Exploring willingness to communicate in the language classroom
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CitationYurdaışık, Aysun.(2015).Exploring willingness to communicate in the language classroom.Sill Conference,1-9.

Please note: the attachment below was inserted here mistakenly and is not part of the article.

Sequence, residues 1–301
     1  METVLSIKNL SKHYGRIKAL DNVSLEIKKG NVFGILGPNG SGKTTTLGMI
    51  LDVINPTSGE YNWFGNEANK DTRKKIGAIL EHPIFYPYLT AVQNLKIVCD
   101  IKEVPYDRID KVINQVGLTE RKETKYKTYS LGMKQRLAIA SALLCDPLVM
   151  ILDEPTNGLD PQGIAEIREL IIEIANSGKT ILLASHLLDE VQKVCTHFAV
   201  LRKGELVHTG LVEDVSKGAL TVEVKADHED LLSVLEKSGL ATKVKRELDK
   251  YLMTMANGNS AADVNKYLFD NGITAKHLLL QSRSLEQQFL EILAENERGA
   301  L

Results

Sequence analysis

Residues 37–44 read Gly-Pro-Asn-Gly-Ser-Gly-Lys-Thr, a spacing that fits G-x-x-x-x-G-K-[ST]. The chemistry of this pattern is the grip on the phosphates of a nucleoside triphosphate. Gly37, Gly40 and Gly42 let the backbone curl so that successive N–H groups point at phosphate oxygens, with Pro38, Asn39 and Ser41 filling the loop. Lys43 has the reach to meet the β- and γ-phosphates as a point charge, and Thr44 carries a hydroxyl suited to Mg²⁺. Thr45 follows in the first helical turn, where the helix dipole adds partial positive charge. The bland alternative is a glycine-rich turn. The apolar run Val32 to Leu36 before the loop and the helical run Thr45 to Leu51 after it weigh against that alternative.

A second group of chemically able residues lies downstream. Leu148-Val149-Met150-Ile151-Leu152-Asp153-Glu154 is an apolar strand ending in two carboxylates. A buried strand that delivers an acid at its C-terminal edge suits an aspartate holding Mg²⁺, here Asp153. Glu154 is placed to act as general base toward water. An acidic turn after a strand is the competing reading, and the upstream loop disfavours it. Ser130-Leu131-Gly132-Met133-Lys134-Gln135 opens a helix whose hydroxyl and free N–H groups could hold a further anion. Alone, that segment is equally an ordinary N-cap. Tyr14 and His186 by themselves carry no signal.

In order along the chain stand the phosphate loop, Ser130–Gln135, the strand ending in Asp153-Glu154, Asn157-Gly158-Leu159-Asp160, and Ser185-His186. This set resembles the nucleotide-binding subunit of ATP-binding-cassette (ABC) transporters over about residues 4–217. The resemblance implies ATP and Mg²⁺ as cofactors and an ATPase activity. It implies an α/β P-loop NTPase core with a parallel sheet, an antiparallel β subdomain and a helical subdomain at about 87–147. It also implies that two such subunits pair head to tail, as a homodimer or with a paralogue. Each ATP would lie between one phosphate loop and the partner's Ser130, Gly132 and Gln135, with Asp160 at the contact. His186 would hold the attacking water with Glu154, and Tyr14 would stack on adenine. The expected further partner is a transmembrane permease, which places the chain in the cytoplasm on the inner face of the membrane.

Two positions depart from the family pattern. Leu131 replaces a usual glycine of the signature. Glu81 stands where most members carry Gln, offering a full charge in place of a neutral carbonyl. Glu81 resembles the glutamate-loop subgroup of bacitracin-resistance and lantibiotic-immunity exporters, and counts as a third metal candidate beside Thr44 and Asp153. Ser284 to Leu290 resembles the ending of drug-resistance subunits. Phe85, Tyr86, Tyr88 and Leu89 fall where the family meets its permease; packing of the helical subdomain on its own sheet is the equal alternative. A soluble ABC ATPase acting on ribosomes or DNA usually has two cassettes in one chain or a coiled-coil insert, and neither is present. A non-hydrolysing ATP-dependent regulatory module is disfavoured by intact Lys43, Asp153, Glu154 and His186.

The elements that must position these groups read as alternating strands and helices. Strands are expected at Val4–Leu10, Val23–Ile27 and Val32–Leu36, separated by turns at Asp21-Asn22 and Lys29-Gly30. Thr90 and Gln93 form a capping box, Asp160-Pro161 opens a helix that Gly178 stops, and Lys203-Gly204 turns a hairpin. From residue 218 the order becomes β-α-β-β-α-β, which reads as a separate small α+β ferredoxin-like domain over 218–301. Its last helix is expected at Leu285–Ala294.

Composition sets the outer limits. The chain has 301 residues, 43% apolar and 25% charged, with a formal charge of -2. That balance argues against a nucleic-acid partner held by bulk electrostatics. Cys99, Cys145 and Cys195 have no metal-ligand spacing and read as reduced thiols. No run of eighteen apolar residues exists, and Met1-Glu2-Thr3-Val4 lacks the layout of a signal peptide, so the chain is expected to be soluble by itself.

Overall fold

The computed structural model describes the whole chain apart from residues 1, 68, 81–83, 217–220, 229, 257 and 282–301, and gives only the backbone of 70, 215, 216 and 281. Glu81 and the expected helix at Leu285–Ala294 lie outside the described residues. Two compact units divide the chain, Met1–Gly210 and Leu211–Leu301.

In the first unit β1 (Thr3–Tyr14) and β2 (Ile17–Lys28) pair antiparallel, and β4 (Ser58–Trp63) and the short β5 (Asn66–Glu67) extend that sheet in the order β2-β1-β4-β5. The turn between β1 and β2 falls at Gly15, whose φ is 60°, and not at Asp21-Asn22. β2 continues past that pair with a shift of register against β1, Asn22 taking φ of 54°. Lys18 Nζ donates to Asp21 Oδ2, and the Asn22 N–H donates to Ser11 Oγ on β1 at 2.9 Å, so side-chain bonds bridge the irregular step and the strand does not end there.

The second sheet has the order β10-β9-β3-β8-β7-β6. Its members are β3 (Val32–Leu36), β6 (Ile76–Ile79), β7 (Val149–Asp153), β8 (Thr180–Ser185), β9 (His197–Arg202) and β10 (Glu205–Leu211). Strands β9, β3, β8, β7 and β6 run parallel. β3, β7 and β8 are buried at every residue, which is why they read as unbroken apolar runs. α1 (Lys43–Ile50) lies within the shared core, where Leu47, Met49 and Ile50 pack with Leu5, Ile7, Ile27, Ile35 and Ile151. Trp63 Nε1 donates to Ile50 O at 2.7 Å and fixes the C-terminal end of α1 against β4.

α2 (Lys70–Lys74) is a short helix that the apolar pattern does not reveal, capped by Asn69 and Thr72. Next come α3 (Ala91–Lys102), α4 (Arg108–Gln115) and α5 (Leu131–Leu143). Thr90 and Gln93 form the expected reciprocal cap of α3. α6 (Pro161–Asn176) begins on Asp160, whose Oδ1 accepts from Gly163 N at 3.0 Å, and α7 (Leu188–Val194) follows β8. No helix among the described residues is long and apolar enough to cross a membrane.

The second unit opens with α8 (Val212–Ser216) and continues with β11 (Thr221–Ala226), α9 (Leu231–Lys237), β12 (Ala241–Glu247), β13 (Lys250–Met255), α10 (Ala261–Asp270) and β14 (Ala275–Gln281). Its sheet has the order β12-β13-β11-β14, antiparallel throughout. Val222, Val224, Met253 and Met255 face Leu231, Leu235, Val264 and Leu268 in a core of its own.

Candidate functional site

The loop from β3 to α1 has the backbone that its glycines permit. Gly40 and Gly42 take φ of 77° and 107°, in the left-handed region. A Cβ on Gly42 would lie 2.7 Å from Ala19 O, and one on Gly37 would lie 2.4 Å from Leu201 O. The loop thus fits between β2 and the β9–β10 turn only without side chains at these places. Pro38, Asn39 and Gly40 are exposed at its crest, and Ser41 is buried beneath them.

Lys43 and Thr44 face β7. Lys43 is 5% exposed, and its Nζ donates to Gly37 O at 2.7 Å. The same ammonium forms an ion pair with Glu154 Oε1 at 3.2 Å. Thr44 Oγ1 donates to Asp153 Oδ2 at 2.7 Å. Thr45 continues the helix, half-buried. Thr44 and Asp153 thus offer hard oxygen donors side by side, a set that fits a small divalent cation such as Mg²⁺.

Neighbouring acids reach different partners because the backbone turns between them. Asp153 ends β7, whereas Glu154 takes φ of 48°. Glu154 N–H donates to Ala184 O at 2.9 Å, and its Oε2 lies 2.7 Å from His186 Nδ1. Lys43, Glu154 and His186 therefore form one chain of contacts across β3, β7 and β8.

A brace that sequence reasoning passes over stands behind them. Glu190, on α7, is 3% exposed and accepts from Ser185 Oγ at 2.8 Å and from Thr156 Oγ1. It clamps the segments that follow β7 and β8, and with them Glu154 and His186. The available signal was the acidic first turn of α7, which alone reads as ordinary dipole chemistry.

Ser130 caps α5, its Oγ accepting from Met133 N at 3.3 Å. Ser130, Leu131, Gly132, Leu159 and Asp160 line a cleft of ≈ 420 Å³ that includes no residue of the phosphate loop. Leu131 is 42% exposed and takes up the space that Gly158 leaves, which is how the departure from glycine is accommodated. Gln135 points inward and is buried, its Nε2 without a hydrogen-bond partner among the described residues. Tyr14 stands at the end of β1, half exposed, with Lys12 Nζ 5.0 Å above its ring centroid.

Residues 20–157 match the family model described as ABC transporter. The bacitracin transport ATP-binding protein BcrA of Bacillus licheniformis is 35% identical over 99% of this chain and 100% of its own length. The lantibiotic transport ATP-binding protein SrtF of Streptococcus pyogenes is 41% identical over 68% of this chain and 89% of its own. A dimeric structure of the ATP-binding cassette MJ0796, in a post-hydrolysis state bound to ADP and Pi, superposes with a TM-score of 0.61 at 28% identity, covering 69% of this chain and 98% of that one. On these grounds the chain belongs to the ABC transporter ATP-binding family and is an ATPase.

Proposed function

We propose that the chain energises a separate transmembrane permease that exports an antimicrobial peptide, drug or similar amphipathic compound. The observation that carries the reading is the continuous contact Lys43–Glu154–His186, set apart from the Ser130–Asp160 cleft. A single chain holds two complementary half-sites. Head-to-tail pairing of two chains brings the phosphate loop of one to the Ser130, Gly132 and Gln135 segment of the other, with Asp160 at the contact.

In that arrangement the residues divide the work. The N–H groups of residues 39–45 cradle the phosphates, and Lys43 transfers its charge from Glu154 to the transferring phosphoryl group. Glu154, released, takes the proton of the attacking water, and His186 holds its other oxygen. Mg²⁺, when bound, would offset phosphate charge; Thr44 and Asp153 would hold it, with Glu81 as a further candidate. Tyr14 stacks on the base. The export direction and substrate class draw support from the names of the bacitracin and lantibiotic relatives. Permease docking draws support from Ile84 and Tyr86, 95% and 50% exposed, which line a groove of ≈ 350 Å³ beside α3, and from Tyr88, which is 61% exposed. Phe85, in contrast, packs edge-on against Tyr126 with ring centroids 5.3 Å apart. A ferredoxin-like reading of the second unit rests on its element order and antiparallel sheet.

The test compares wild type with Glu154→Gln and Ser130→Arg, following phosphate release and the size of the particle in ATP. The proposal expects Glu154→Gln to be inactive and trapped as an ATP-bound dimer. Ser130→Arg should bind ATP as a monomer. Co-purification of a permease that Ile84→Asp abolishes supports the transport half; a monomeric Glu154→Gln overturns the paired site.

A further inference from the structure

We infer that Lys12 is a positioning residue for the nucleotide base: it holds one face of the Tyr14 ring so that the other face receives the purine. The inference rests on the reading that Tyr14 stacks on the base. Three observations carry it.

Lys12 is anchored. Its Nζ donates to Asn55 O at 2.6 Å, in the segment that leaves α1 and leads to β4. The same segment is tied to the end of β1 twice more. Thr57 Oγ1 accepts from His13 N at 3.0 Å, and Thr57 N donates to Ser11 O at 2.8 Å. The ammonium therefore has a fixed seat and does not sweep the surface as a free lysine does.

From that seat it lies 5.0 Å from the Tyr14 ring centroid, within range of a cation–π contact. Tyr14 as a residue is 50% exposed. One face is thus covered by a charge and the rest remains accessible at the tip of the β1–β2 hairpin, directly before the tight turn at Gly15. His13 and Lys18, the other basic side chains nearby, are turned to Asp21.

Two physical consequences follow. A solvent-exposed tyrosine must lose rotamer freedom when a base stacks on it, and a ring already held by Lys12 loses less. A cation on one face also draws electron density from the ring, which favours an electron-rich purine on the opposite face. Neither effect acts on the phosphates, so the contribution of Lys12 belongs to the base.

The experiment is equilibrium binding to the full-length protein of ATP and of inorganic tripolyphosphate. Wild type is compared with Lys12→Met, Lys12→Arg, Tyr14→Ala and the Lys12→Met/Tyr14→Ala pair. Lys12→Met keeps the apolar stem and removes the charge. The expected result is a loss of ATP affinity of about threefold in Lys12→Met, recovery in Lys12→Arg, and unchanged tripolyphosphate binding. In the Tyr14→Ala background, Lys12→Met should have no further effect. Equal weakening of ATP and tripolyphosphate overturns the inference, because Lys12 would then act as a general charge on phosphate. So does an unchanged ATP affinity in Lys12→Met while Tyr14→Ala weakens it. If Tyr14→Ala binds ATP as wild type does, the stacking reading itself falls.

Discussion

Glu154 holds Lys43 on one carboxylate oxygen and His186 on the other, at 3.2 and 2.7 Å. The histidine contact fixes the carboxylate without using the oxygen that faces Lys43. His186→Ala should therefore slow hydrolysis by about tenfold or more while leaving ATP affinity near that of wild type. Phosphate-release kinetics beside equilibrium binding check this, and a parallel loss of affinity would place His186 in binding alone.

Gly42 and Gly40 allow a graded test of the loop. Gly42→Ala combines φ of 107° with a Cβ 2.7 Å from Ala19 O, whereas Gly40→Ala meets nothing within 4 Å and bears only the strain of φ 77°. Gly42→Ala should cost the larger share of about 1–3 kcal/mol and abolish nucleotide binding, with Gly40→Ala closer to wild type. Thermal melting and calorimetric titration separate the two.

Currently, the aim of language learning is to use the language for communicative purposes and it is widely agreed that interacting in the target language will cause improvement in L2. However, the challenge is that some learners are willing to speak whereas some are not. This challenge and the focus on interaction in the language-learning process have led to the need for the construct of willingness to communicate (WTC). As a result, WTC was proposed as the “primary goal of language instruction” (MacIntyre, Baker, Clement, & Donovan, 2002, p. 545). When learners are engaged in learning a language, they are involved in this process with their self-beliefs and attitudes, and these are related to learners’ experiences (Mercer, 2011). Learners’ self-beliefs have significant effects on their current behavior and interactions, which are believed to have considerable impact on L2 learning. Taking up the construct of WTC as an aspect of the self, we can say that both internal aspects of the self and external social environmental factors interact to form the leaners’ willingness to communicate. Thus, we can say that WTC is affected by situational factors such as communicative self-confidence, motivation, communicative competence, selfconfidence, intergroup climate and personality (Kang, 2005). Given that WTC is an important component of learning a language, the variables influencing WTC need to be researched to help the learners in the process. Besides this, WTC that can be affected by situational variables needs to be emphasized rather than WTC influenced by individual factors, which is relatively stable (Kang, 2005). Based on this assumption, the purpose of the study is to explore the dynamic aspect of the WTC as a self-related construct with regards to the classroom environment.